In past generations, getting older meant withdrawing from the consumer marketplace. Age not only meant physical frailty, but economic frailty. Your income was fixed, you didn’t need as much because you weren’t doing as much, so you were less important to marketers. Besides, your brand habits were already set in stone, so why should they chase you? The action was with the younger – and much more numerous – Baby Boomers.
But now those Baby Boomers are the “older” cohort. The youngest, per Vividata, are 51 and the oldest are 72. According to the youth-driven Consumer Life Stage model, they ought to be slowing down., particularly those over 65.
Quite the opposite.
The “bucket list” phenomenon – going after adventures you wished you had pursued when you were younger – is just one manifestation of what’s happening. The Boomers are refusing to age the way any previous generation has aged. They perceive they have plenty of time left (and they’re right – the average 65 year old has a very realistic shot at living past 90), there are things they still want to do, and they see no reason not to.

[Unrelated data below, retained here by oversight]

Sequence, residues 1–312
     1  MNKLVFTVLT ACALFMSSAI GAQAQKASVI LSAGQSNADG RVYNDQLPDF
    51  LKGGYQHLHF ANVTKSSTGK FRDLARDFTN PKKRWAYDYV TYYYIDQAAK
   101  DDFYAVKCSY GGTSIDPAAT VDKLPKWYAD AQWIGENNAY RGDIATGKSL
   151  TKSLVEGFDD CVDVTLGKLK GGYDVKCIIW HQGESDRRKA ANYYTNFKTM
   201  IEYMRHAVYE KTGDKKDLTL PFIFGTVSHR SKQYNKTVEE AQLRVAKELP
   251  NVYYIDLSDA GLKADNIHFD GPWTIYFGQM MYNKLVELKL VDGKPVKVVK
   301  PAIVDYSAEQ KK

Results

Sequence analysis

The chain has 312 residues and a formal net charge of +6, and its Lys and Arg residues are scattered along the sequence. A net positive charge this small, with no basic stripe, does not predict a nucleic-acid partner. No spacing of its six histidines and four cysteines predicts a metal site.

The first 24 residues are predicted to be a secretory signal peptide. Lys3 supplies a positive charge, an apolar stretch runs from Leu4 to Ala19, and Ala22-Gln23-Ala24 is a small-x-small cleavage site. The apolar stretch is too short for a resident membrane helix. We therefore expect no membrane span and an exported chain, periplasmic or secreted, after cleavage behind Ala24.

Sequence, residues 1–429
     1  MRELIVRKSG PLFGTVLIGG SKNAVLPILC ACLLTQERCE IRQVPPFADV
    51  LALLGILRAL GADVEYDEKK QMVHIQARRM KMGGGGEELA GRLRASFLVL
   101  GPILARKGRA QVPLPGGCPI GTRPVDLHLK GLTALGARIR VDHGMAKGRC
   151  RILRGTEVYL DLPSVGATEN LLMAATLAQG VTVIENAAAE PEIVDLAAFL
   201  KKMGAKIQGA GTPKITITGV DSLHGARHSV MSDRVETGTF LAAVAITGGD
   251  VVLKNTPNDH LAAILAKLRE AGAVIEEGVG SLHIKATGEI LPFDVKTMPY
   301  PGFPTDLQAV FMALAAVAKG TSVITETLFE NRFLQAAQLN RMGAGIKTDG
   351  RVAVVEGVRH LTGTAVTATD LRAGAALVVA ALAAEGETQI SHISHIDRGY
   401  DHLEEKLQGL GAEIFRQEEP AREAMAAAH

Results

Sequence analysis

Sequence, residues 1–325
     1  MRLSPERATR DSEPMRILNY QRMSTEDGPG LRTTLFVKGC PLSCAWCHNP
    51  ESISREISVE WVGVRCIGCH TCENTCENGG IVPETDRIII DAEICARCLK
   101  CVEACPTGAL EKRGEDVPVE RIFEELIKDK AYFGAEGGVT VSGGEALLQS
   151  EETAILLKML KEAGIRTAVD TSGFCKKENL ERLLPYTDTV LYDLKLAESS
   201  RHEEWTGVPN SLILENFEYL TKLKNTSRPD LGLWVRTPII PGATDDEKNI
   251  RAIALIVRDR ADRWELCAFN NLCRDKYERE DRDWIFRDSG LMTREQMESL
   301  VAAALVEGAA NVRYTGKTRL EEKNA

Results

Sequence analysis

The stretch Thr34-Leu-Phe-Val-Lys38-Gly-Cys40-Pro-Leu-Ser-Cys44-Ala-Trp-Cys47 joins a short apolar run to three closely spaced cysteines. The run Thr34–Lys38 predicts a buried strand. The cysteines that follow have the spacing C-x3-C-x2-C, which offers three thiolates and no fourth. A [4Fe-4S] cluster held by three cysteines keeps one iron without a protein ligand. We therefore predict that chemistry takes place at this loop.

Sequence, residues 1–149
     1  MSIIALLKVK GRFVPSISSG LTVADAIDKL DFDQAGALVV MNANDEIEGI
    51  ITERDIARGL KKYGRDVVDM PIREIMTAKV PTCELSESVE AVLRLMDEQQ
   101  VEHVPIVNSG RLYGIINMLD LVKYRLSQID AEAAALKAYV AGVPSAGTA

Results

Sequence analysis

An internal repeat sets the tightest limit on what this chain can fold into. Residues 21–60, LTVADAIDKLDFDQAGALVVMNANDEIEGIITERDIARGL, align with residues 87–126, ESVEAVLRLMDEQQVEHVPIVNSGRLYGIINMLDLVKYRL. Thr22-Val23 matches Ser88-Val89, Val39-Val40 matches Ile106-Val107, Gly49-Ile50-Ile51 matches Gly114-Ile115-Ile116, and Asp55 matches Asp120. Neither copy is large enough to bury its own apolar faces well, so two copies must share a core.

According to Vividata (Spring 2018) here’s how many Boomers strongly agree with statements that reflect that active, engaged, adventure-seeking mindset.
No wonder they’re making “bucket lists.” And following through, with both time and money.
Sense of adventure? Almost half a million still engage in downhill skiing, and almost 300,000 play on a hockey team!
Learning new things? Over 200,000 are enrolled in a post-secondary education program, including 50,000 who are studying online.
Holidays off the beaten track? Over 3 million say they always try to go somewhere new every time.
If you still view them as old and out of it, think again. Somebody else is getting all their spending.
That's how many Zoomers worked out at a fitness club over the past year. You'd expect the younger Millennials to contribute more. You'd be wrong. They're almost a million behind -- only 2,486,000 people. Source: Vividata Fall 2018